One cannot avoid talking about leisure time and the spaces a part of the youth inhabit to get entertained. And this is where the unintentional peer pressure comes up. Going back to the students, or people who are in between jobs, a group of friends comprises of individuals with varying purchasing power. And it becomes a challenge in the sense the first article rightly talks about awkwardness about splitting the bill equally, amongst other things. Let us not immediately jump into a debate about the necessities of venturing into fine-dining hotspots when one can’t afford it, but it must be understood that one doesn’t choose her/his friends on the basis of financial compatibility (not always). Now, one can criticise this mall-hopping food-court hungry generation all they want, but that doesn’t take away from the fact that this has after all, become the definition of a day-out to the majority middle-class urban population, across ages. And that doesn’t mean that many are not having problems with it. It doesn’t have to be a daily affair for them to go to pubs and cafes (unlike the people mentioned in the first article), but precisely because it is occasional, it is hard to back out from it.

Which brings us to the root of the problem. Why is the youth suddenly out of cash? One half of the explanation has already been discussed above – the growing mobility of the youth for education and jobs like never before. This is partially related to the decision of a section of the middle-class youth to live outside the guardianship of their parents and family members. This social freedom is not entirely synchronised with the financial one, and therefore the problems. This is very unlike the situation in post-Second World War USA or West Europe, when the youth were breaking away from their families in an economy which could provide them with enough jobs. In a developing economy, this has proved to be illusory, and thus the mismatch.

The other half of the explanation is the ideological structure(s) we are under, in general. This is a world where choices are made for us, which overloads us with information about where to go, the ‘happening’ spots in the city, the way to dress up, the way to present oneself to stay ‘in the game’. There’s no denying that everybody likes appreciation in some form or the other, and the internet is telling us the easiest way to get some. Again, there could be no end to criticisms on this self-validation via Facebook, but we are living under the umbrella of a capitalistic order that has ordered our lives which we are only ready to follow mindlessly. Most of us are not aware of the mechanisms at play behind the stage, making us choose the lifestyles we are choosing, the rest are in denial. There’s a popular saying that is making the rounds on facebook itself – ‘make your life as cool as you pretend it to be on facebook’. How many could after all go against the grain of the market economy to create newer cultures of entertainment and satisfaction? How many could identify the fact that this constant ordeal of maintaining personal finances is tied up with that ever vivacious photograph of the ‘employee of the month’ or that flash sale post-midnight?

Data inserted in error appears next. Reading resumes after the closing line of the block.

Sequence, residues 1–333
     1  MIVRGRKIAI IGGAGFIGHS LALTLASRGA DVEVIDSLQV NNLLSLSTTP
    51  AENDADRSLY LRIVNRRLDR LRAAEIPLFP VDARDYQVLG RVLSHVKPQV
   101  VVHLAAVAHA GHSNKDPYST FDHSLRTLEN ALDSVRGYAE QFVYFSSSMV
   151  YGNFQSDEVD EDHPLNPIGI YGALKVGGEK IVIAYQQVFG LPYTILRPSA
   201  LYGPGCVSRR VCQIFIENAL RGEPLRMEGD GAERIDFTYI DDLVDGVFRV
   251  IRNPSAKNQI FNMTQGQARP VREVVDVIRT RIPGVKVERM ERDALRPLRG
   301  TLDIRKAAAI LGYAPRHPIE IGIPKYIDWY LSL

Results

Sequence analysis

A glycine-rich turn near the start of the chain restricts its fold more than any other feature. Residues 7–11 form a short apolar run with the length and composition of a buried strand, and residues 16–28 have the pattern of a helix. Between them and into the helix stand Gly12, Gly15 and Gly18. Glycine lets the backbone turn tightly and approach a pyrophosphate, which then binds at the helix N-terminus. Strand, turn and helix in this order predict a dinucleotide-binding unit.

The only thing that is left to be said is whether a shortage of money – be it due to lack of steady income or choices made under certain structural pressures – could be termed as poverty by default? A personal understanding is in the negative. Poverty by its definition is a prolonged state of lack, while we could think of this trend as a phase. Students often get temporary jobs if not permanent ones, the employed youth get better offers and new faces take over their distress. However, definition gets revised based on changing circumstances. This challenge that urban India and the middle-class youth is coping with is a fairly recent one – in a majorly globalised world witnessing a kind of information revolution and homogenisation of work&play structures. Many are outside it, many aren’t.

In such a context, one could think of differentiating between Poverty spoken of in absolute terms and then the kinds of poverties that are contingent, relative but are very much experienced on an everyday level, which affects one’s choices and has an impact on people’s decision-making process. Speaking about these poverties is important because at the moment India has the world’s largest youth population. It is important because more than 50% of India’s population is below 25. It is important because youth unemployment was almost 13% in 2013. It is important in order to recognise how diverse both the terms ‘middle-class’ and ‘youth’ are – and while being ‘broke’ is too common a complaint among them to ignore, the class composition within these categories – and consequently their poverties – are multi-layered. Because it is not always of their own making, and even when it is, one needs to explore the disturbing reasons forcing them to an unstable present and an uncertain future.